My plan for today was to take the metro to the Norte Bus station and catch a bus to Tula. Tula could possibly be the mythical Toltec city of Tollan. Nobody knows for sure but they do know that it was the capital of the Toltec empire. After Teotihaucan fell in about 800 AD there was a power gap in the Mexico Valley area that was eventually filled by the Toltecs. A lot of the religious beliefs of the Toltecs resembled those of the Teotihaucanos. Teotihaucan may have been sacked by the dreaded northerners (the Romans would have called them barbarians). Tula may have also been sacked by the Chichimecas from the north. Again nobody really knows but there's an interesting story involved. Quetzalcoatl the leader of the Toltecs was getting too powerful and the “senate” got him and his sister high, drunk or both and they did things brothers and sisters shouldn't do. Quetzalcoatl was so ashamed that he stepped down from power and headed east across the water on the backs of turtles or some such thing. Quetzalcoatl was also a God (things get a bit blurry here) and the prophesy mentioned of his return. Four hundred years later a floating mountain landed at Veracruz and bearded men with shiny suits came on land and Montezuma wasn't sure what to think since he was waiting for Quetzalcoatl to return from the east and the rest as they say is history.
Anyway after Tula was sacked the prominent Toltecs moved the the Mexico City area which was then a giant lake surrounded with various cities. By the time the Aztecs came along the Toltecs were considered nobles so the Aztecs (who were barbarians from the north again) would try to intermarry with them to have kids with noble bloodlines. The Aztecs eventually became greater than those they admired and once again the rest is history.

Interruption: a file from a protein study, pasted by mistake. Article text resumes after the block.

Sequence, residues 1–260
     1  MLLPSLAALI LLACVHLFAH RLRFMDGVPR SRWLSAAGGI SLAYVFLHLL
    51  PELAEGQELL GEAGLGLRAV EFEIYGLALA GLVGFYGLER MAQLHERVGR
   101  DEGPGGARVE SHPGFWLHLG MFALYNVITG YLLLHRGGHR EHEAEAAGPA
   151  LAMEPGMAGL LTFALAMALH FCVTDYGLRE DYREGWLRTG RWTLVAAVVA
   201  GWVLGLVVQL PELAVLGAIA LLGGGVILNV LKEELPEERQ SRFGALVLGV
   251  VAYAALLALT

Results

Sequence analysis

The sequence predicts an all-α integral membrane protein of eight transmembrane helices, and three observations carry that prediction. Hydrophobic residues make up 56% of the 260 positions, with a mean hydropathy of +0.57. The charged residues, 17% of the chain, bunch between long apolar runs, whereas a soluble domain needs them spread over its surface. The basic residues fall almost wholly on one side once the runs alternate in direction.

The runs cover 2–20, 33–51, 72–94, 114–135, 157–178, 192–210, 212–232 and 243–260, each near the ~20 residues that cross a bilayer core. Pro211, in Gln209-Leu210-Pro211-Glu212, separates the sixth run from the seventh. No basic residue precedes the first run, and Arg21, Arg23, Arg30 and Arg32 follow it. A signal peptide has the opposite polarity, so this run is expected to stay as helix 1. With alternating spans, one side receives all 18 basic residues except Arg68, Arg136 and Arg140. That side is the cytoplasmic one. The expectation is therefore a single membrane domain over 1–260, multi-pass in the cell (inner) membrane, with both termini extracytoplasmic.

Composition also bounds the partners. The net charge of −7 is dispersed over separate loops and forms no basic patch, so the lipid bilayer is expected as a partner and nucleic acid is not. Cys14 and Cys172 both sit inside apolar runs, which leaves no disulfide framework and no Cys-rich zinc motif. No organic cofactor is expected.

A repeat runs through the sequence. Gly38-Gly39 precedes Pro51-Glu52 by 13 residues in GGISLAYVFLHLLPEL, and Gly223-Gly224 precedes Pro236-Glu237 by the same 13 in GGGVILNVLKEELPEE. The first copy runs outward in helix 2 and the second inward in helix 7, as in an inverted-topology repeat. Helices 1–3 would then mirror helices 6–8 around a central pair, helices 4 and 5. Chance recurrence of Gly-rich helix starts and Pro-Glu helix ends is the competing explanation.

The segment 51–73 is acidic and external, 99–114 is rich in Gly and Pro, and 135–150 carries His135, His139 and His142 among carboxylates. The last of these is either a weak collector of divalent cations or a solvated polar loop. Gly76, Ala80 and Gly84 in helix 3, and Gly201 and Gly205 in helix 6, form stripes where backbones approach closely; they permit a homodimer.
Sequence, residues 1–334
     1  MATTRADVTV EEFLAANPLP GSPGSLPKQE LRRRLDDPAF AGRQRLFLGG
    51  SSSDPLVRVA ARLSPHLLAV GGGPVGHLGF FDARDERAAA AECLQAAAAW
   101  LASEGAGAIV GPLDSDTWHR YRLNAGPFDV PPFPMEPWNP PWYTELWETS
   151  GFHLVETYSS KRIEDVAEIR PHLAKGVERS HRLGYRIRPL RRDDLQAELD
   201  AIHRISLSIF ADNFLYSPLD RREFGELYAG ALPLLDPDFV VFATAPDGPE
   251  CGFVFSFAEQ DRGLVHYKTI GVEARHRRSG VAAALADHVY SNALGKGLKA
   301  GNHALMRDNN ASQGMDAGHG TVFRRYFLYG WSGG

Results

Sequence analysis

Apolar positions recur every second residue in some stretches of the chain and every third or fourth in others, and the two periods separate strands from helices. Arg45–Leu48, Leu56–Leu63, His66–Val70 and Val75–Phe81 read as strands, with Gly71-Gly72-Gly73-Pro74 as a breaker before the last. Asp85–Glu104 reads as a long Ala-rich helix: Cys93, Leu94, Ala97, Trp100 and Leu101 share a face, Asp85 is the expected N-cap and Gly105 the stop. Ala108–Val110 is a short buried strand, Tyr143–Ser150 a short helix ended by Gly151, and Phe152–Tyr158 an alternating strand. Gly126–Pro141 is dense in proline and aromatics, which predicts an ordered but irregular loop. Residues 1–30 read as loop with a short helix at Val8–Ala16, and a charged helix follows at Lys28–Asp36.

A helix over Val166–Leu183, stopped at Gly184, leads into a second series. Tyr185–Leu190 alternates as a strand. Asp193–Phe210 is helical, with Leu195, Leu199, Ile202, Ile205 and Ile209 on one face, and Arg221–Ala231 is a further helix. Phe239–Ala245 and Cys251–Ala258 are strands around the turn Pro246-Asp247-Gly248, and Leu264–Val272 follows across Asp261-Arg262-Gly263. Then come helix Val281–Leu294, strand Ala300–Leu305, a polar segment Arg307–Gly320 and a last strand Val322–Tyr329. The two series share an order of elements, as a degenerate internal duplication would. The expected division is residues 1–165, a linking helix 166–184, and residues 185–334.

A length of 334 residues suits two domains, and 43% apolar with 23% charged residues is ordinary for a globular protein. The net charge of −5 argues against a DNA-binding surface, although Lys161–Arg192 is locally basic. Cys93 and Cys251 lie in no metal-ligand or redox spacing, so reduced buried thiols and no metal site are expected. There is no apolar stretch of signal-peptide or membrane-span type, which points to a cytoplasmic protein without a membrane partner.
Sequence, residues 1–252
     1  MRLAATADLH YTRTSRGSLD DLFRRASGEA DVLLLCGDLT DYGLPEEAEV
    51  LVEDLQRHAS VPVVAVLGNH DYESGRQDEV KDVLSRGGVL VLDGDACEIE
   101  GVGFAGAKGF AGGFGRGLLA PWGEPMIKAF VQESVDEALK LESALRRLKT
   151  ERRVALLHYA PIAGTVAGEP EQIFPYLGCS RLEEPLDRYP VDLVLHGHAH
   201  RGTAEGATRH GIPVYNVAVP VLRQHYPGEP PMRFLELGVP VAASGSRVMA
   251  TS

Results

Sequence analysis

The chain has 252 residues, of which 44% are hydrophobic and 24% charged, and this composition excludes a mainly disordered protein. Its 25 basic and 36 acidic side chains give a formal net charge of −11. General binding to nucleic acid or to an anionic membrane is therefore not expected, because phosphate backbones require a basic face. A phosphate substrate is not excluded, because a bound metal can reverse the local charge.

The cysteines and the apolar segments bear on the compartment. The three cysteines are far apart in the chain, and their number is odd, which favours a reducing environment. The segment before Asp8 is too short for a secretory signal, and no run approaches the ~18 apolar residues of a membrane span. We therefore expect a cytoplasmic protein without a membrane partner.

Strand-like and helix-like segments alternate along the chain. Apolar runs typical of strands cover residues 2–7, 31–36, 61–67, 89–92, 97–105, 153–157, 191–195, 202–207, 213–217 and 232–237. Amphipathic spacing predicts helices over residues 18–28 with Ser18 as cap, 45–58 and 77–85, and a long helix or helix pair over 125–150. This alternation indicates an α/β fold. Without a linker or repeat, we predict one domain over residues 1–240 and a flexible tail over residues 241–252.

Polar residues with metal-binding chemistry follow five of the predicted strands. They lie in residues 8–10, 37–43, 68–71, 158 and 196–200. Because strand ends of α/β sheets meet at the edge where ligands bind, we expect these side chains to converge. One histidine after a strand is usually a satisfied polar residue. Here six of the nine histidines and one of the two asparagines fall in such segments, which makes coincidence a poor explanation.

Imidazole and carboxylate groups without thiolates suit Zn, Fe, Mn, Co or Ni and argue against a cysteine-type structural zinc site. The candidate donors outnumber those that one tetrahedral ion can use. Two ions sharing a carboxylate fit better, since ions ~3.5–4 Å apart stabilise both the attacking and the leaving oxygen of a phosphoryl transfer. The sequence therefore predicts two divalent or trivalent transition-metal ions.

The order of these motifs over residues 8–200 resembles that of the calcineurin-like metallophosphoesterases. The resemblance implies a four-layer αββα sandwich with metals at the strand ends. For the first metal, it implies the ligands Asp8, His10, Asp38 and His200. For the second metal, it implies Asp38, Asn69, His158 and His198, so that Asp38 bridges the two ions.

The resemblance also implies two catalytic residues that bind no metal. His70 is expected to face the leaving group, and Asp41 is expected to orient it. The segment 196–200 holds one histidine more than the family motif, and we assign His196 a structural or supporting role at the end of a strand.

To make a long story short I was sitting at my computer writing my blog for the day and my kids were snoring away and I let them sleep. We've been pushing pretty hard and have walked about 25 miles at 8000 feet so I think they needed it. I'll go back to Tula at a later date.
Since this is our last full day in Mexico City I decided to just go take some pictures, buy bus tickets and hang out. The first stop was the famous Mexico City Post Office built about 100 years ago. This thing is not a post office, it's a palace! I'm not sure how they paid for it but this is the most extravagant post office I've ever seen with marble EVERYWHERE and gold gilding everywhere else. The really interesting part is it's a working post office to this day. It would be easy to make the thing a museum but Mexico City already has 50 museums and the mail needs to get out so it's still in business. You can go up several flights of stairs that split off and then rejoin but after the second you're stopped by security. I'm not sure what's up there but they don't want you to see it. The roof of the post office is an oblong glass dome.